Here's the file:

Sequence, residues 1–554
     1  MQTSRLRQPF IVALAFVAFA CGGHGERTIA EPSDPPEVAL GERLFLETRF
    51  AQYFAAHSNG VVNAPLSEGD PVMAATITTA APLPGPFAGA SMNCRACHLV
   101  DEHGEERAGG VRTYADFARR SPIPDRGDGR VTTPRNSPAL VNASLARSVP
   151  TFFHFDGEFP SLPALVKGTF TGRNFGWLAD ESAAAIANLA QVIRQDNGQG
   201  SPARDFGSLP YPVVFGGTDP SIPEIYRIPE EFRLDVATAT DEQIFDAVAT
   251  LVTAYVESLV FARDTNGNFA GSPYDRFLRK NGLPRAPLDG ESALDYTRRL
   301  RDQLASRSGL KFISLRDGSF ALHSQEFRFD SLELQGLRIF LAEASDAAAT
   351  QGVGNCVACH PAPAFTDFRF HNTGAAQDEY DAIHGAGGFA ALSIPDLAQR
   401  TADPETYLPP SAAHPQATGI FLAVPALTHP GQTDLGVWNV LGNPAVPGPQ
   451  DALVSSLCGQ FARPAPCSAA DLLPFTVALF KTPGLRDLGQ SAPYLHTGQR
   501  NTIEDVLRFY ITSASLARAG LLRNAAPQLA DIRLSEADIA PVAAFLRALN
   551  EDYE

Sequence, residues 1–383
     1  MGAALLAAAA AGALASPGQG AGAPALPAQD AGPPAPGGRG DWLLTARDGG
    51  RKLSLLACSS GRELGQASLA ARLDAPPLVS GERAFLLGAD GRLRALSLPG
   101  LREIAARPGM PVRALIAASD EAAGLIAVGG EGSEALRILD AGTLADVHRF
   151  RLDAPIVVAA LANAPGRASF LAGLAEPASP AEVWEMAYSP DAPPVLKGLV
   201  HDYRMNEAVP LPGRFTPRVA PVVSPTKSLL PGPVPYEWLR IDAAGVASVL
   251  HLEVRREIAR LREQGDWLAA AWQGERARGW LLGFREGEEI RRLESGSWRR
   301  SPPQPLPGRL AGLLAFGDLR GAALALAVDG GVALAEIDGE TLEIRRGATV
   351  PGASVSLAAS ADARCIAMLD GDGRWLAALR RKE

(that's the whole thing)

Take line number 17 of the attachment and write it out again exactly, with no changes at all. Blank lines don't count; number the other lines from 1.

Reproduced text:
   101  LREIAARPGM PVRALIAASD EAAGLIAVGG EGSEALRILD AGTLADVHRF